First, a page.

Posted on: January 22, 2012 11:18 pm
Edited on: January 23, 2012 2:00 pm
 

Sorting the Sunday Pile: Super Bowl storylines

Posted by Will Brinson


Sorting the Sunday Pile takes all of Sunday's NFL action, figures out the winners and losers and asks the big questions. Send your complaints, questions and comments to Will Brinson on Twitter. Listen to the Championship Weekend Podcast Recap below and don't forget to
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Super Bowl Storylines

We have less than two weeks until Super Bowl XLVI is played in Indianapolis, and you need to be prepared for a slew of recurring storylines that will come forth over the next 14 days. Some are good, some are bad. Here are the biggest ones:

1. Playing in Peyton's House
No. 2 on this list will be the most talked about early on, but the biggest story of this Super Bowl is that this matchup takes place in the House of Peyton Manning. Peyton carved out a legacy as a sure-fire Hall of Fame quarterback in Indianapolis, and now the Colts quarterback is sidelined, unsure of his future in Indy, as he watches his most hated rival (Brady) battle his little brother (Eli) for a Super Bowl victory in the Colts stadium.

There's no telling how much face time Peyton will have to put in for the Colts over the next two weeks, and it could very well be minimal, but he's the city's most famous athlete (by a WIDE margin) and it's hard to imagine that he can just go underground while two guys whose lives are so closely parallel to his own prepare to do battle on his field.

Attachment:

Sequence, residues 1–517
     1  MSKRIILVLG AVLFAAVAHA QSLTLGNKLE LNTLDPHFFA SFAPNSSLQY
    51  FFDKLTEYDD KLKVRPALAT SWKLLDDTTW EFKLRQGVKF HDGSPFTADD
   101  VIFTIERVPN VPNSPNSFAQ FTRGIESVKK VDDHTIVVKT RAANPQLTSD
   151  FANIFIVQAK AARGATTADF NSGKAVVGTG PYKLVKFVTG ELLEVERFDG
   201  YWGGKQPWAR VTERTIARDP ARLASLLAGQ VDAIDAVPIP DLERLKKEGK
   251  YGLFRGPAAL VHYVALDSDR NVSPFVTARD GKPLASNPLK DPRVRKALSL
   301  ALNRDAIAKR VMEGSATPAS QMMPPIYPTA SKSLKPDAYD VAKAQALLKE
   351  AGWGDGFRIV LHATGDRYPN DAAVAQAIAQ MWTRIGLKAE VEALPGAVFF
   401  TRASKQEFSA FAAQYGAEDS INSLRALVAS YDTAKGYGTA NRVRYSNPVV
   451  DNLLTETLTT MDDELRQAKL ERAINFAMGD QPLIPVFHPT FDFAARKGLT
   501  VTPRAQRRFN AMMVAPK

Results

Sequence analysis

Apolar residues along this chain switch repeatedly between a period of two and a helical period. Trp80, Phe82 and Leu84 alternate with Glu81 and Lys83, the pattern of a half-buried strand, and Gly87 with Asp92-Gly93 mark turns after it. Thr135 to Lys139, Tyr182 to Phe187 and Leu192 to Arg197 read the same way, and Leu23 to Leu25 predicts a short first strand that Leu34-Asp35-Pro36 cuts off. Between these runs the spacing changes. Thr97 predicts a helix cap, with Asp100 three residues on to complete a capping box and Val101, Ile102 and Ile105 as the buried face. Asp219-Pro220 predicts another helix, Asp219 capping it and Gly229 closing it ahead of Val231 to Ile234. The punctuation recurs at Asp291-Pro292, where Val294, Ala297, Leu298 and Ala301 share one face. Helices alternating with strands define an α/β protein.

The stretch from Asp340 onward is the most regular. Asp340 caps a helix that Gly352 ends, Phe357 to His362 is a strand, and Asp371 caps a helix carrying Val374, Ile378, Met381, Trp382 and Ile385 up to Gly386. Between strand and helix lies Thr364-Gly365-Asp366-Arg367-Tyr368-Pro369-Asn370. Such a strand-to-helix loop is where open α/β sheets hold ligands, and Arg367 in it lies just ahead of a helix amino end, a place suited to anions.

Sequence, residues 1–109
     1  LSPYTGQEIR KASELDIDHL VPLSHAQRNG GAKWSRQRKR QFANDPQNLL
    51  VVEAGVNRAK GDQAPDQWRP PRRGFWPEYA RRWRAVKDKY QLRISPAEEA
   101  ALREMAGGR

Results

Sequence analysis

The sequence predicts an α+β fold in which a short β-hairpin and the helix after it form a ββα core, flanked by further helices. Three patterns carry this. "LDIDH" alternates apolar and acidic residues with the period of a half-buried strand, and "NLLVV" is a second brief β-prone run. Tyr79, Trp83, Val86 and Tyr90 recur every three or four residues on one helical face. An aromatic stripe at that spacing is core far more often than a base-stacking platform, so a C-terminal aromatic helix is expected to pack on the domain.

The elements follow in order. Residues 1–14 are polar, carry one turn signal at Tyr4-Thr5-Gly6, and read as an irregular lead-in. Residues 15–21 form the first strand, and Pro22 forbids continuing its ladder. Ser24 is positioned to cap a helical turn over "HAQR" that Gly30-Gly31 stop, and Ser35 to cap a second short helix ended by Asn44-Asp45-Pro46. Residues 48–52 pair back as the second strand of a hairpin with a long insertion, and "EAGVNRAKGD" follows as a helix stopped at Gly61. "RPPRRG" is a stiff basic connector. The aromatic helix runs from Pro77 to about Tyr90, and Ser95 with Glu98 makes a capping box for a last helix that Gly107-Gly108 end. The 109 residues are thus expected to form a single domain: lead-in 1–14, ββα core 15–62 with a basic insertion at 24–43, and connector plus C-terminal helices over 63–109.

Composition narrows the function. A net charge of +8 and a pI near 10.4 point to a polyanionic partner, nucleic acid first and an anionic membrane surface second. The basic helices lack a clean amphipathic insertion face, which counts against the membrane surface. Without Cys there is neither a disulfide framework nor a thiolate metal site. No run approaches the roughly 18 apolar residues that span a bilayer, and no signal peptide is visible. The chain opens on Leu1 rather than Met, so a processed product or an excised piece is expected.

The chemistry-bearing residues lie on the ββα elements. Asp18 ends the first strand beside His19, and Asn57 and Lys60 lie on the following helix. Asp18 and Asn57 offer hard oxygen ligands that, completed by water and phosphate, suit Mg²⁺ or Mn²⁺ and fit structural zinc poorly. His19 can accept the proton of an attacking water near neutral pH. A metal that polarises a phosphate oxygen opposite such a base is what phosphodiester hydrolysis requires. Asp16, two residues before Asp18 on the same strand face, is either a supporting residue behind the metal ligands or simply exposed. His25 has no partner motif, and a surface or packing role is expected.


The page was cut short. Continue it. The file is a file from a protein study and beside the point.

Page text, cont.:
2. 2007, All Over Again
Not sure if you heard or not, but the Giants beat the previously undefeated Patriots in the 2007 Super Bowl. It was a pretty good game. A lot of the people who will play in this year's game played in that game. (The Patriots are so bitter about 2007 that they were likely rooting for the Giants against the 49ers, just to get revenge.)

This will be the predominant storyline, whether you like it or not, over the next two weeks.

3. Tom Brady's Legacy
Brady is one of four quarterbacks with three Super Bowl wins. Another one moves him out of a tie with Troy Aikman (three each) and into a tie with Terry Bradshaw and his boyhood hero Joe Montana as quarterbacks with four Super Bowl wins.

There will be a discussion as to whether Brady warrants mentioning as the greatest quarterback of all-time if he wins a fourth Super Bowl. There will be plenty of chatter about how he matches up with Montana. And there will also be a discussion about what a second Super Bowl loss would mean to Brady: he could conceivably move to 3-2 in NFL championship games. That's not "bad" by any stretch of the imagination, but it's also not 4-1.